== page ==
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In tech, waitlists build hype and signal interest. In fact, the number of people signaling their attraction to your app can be used to raise millions of dollars and drive up the valuation of your company. Yeehaw!

In childcare, waitlists cause anxiety and perpetuate uncertainty. Each additional family jostling for a space reinforces how stretched the system is.

There is a substantial opportunity for civic technologists to build a digitized, centralized childcare waitlist for our municipalities that would transform the user experience. At present, only the City of Ottawa has a centralized list.

Childcare centres - be they licensed or unlicensed, non-profit or for-profit - are rarely near work or our home, creating logistical challenges for parents. Further, parents are disadvantaged by lack of information, and childcare centres are predominantly independent institutions that have a huge coordination problem and a lack of incentive to fix it. In order to secure a space for a child and plan to return to work, parents add their names one-by-one to waitlists (sometimes paper-based) in their neighbourhood and then wait nervously for a phone call announcing a space that they can take-or-leave (meaning that some parents enrol their children earlier than planned out of fear that a subsequent space won’t become available). It’s disorienting and inefficient.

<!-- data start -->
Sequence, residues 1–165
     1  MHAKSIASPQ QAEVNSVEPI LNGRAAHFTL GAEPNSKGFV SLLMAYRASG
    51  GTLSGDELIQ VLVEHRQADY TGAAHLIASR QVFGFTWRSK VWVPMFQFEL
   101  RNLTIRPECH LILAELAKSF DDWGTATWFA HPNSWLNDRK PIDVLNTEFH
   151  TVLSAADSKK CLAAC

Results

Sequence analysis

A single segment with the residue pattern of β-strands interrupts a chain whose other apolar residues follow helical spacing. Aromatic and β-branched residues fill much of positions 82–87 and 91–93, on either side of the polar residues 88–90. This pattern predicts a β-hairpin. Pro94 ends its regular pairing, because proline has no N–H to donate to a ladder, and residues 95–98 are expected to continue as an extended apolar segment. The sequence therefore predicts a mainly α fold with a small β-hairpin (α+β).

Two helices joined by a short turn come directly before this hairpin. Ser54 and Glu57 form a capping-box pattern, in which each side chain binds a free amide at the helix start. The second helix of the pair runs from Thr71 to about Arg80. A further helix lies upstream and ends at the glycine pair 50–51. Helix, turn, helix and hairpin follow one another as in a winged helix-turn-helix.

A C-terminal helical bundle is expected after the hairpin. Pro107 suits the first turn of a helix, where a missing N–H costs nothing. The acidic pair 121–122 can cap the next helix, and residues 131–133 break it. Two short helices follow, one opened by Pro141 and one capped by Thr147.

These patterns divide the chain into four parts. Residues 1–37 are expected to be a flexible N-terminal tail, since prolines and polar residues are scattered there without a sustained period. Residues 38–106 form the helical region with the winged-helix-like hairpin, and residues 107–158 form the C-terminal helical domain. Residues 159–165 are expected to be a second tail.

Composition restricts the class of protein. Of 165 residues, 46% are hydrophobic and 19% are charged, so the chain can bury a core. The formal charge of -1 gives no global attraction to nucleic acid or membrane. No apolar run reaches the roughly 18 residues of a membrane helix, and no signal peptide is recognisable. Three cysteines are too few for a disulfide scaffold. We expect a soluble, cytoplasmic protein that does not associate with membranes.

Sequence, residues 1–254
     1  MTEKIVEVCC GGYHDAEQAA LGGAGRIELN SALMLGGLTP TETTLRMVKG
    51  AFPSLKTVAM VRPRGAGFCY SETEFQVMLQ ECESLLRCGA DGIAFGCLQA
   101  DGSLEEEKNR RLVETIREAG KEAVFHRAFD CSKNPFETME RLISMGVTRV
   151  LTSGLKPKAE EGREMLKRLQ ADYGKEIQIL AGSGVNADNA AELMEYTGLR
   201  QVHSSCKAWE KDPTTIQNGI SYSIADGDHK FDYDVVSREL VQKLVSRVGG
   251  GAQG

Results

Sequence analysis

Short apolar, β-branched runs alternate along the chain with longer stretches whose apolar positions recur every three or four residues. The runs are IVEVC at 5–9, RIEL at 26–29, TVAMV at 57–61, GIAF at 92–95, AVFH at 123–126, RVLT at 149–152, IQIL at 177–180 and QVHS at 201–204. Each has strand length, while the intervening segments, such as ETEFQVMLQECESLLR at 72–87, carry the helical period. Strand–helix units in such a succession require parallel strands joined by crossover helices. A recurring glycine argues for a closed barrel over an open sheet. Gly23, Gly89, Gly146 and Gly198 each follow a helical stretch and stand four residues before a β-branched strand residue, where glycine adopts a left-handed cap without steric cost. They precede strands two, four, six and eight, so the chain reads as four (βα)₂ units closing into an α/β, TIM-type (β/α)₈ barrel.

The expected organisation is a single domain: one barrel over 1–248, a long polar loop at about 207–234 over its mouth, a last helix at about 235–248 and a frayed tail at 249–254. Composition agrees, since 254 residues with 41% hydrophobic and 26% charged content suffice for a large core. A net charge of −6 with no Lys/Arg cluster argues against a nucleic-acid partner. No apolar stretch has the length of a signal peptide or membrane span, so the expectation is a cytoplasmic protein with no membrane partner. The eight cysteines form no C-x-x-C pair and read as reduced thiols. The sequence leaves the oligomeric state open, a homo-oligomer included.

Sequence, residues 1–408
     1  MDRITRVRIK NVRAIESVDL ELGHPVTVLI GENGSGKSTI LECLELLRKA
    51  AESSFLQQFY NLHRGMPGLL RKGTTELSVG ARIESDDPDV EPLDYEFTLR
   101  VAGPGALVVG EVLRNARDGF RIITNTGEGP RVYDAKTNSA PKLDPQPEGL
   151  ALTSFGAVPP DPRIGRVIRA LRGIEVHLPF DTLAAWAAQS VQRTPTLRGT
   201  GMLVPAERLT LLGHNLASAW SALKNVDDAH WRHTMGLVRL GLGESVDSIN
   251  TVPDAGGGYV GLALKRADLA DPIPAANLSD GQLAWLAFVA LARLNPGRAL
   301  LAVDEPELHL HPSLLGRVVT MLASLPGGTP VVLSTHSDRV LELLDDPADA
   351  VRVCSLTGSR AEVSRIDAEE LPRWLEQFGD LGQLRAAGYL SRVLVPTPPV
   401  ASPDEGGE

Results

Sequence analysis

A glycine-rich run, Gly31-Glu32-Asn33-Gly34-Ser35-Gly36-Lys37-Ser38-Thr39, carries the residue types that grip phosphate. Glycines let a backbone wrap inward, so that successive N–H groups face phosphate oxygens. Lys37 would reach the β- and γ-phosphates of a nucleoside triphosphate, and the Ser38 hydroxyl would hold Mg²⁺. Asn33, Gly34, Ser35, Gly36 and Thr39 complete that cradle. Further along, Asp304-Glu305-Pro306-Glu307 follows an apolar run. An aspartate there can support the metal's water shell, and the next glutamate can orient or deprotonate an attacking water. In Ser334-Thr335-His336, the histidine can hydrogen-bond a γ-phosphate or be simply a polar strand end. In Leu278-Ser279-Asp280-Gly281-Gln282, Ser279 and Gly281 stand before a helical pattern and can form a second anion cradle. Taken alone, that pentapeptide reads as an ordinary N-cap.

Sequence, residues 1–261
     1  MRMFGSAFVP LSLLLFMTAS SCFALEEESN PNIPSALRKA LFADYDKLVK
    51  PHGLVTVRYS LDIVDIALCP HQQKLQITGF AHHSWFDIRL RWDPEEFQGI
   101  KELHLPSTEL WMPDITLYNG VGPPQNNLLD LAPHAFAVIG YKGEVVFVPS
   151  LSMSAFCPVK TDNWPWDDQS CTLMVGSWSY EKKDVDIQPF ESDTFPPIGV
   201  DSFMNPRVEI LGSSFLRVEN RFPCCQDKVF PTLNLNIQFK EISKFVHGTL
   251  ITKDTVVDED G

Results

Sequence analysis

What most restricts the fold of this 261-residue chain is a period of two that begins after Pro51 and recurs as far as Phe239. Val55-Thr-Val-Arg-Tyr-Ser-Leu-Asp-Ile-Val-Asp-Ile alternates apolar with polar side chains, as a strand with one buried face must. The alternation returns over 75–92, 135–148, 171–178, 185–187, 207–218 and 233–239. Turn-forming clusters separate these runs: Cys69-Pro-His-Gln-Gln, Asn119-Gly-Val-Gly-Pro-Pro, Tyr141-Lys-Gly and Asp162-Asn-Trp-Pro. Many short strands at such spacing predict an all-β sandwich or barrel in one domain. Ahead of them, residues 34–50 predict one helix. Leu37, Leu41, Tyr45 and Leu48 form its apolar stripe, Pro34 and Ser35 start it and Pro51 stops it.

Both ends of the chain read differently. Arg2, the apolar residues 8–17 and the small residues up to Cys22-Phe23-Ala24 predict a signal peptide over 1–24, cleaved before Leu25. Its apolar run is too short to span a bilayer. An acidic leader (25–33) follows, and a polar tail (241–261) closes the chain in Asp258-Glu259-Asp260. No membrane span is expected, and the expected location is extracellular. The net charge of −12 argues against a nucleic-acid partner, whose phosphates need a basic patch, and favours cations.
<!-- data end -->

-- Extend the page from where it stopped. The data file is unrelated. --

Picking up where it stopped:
Here is a way to sign up for child care in Toronto. You have to type the name of the child care centres that you want to be waitlisted for. How is a parent supposed to know that? There’s not even a map (I am not joking).

Given that we have waitlist systems for restaurants that offer a superior user experience, it’s not difficult to imagine a public product that clearly communicated a “live” number for your name on a list so that parents can monitor their progress and gain some peace of mind.

I’m not saying that we should borrow other aspects of the waitlists we see utilized by tech companies to build hype; like moving up the list if you refer friends or demanding double-blind reviews. I am saying that product developers may be somewhat unaware of this need. The profit margins in the child care space are pretty slim. That doesn’t mean that the sector and its stakeholders should suffer from information failure.